An immigration lawyer can guide you on how to avoid complications or address them as they arise, such as responding to a Request for Evidence, a Notice of Intent to Deny, a Notice of Intent to Revoke, or a denial decision. He or she can intervene on your behalf to resolve problems.

An immigration lawyer can also prepare you for interviews before USCIS and the U.S. Consulates by describing what questions to expect and which issues are likely to arise, and how to best address them. They can appear with you at green card interviews and naturalization interviews to help protect your rights, present documentary information, and ask clarifying questions. They can further prepare and submit a legal brief to stave off concerns and persuade the officer to approve your case.

Lawyers must keep up with changes in the law, the risks (not just the benefits) of applying for immigration relief, and the nuances in the immigration process, and advise you accordingly.

A non-lawyer immigration consultant or online immigration processor cannot perform these vital services.

5. You get legal help from a licensed professional who is held to the highest ethical standards

When an immigration consultant or online immigration processor overlooks critical pieces of information or documents, which results in an avoidable denial or delay, there is generally no recourse. You typically have to rectify the harm through their channels or file a consumer complaint with the state attorney general.

Lawyers, on the other hand, are held to ethical standards set forth in their state rules of professional conduct. They can face disciplinary action, such as a suspension or disbarment, for failing to perform duties owed to clients. As a licensed professional, a lawyer has obligations and responsibilities that go above and beyond those of a non-lawyer immigration service.

Consult an immigration attorney at the very least 

Some states, such as California, Minnesota, and New York regulate the conduct of immigration consultants, instead of forbid them from performing any immigration service. While they may provide document preparation, they cannot offer legal advice in any situation.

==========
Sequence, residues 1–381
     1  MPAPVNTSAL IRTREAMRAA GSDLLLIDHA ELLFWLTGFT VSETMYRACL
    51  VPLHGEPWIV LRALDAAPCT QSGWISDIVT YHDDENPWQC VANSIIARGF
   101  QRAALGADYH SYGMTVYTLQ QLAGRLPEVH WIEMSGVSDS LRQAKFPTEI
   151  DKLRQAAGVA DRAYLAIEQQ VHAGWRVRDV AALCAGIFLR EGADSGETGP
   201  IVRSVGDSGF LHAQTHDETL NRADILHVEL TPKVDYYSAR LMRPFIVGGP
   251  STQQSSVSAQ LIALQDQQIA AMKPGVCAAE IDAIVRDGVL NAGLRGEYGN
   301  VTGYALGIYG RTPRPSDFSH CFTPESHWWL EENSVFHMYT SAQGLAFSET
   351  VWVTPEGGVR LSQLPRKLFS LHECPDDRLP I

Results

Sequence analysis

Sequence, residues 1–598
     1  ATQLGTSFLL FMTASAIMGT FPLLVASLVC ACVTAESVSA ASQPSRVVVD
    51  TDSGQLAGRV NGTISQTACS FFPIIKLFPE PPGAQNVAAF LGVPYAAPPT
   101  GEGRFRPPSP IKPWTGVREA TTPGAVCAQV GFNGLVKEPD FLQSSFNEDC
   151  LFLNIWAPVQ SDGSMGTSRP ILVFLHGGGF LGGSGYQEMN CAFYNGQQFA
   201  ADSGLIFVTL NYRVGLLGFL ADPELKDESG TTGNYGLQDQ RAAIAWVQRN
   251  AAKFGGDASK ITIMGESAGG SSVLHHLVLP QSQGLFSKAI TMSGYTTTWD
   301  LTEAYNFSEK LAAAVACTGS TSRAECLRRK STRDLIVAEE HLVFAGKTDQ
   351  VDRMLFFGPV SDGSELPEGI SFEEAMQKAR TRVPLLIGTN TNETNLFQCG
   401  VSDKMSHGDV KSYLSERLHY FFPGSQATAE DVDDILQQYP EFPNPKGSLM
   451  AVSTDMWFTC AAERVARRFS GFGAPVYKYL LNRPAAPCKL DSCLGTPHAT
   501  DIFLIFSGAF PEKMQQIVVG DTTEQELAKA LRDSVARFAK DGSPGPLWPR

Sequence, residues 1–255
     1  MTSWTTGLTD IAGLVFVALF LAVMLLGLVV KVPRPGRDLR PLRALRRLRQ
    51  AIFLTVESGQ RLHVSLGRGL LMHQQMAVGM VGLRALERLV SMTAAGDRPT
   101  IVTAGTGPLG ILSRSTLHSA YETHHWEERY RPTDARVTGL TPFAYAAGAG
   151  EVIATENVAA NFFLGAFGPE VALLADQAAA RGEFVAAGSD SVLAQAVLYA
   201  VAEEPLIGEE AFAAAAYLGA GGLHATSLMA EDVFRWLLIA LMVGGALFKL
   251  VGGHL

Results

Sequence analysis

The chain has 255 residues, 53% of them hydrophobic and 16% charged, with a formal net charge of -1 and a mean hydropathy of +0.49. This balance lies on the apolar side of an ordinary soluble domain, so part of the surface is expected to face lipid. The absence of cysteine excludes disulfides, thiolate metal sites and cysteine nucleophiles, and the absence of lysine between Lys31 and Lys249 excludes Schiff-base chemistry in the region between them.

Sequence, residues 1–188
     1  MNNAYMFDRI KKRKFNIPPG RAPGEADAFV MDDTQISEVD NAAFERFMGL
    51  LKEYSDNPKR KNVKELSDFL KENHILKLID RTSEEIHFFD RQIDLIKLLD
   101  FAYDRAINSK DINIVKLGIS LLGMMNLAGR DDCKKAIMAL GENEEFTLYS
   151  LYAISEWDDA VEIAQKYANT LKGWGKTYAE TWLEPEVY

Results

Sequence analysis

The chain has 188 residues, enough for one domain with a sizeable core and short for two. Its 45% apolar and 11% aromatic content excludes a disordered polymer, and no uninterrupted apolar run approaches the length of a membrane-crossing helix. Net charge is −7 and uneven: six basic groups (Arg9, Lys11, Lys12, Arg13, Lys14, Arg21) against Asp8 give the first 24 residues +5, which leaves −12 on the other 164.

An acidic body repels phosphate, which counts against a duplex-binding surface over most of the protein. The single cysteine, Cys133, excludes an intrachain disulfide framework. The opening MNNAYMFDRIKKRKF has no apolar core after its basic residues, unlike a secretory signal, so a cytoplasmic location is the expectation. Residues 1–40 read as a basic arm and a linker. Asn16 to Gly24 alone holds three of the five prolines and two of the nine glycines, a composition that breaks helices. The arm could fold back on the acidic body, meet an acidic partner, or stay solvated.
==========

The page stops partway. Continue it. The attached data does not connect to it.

Legitimate immigration consultants and online immigration processors can ease the stress that comes with handling the immigration paperwork yourself. But realize they do nothing more than document preparation. A complete reliance on non-lawyer immigration services gives you a false sense of security and could open you up to making mistakes and bungling your immigration matter.

Reliable legal representation may be more affordable than you assume. There are solo practitioners and small firm lawyers who charge reasonable fees for high-quality, comprehensive service. There are also non-profit legal service providers and pro-bono attorneys who will accept your case for sliding scale or reduced fees or no fees.

Almost everyone can gather funds to consult an experienced immigration lawyer at least once, or retain unbundled legal service to address the complicated parts of the case. Before you file for an immigration benefit, talk to a reputable immigration lawyer about the eligibility standards, documentary requirements and filing process. Relying on immigration consultants and online immigration processors can save you money upfront, but cost you a lot more in the long run.

This article provides general information only. It is based on law, regulations and policy that are subject to change. Do not consider it as legal advice for any individual case or situation. Each legal case is different and case examples do not constitute a prediction or guarantee of success or failure in any other case. The sharing or receipt of this information does not create an attorney-client relationship.